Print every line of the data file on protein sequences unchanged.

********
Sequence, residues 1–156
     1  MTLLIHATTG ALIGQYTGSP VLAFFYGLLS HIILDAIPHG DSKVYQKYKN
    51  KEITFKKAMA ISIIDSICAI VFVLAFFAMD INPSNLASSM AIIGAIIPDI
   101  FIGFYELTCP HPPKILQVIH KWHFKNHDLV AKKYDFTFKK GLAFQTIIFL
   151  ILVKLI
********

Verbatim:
Sequence, residues 1–156
     1  MTLLIHATTG ALIGQYTGSP VLAFFYGLLS HIILDAIPHG DSKVYQKYKN
    51  KEITFKKAMA ISIIDSICAI VFVLAFFAMD INPSNLASSM AIIGAIIPDI
   101  FIGFYELTCP HPPKILQVIH KWHFKNHDLV AKKYDFTFKK GLAFQTIIFL
   151  ILVKLI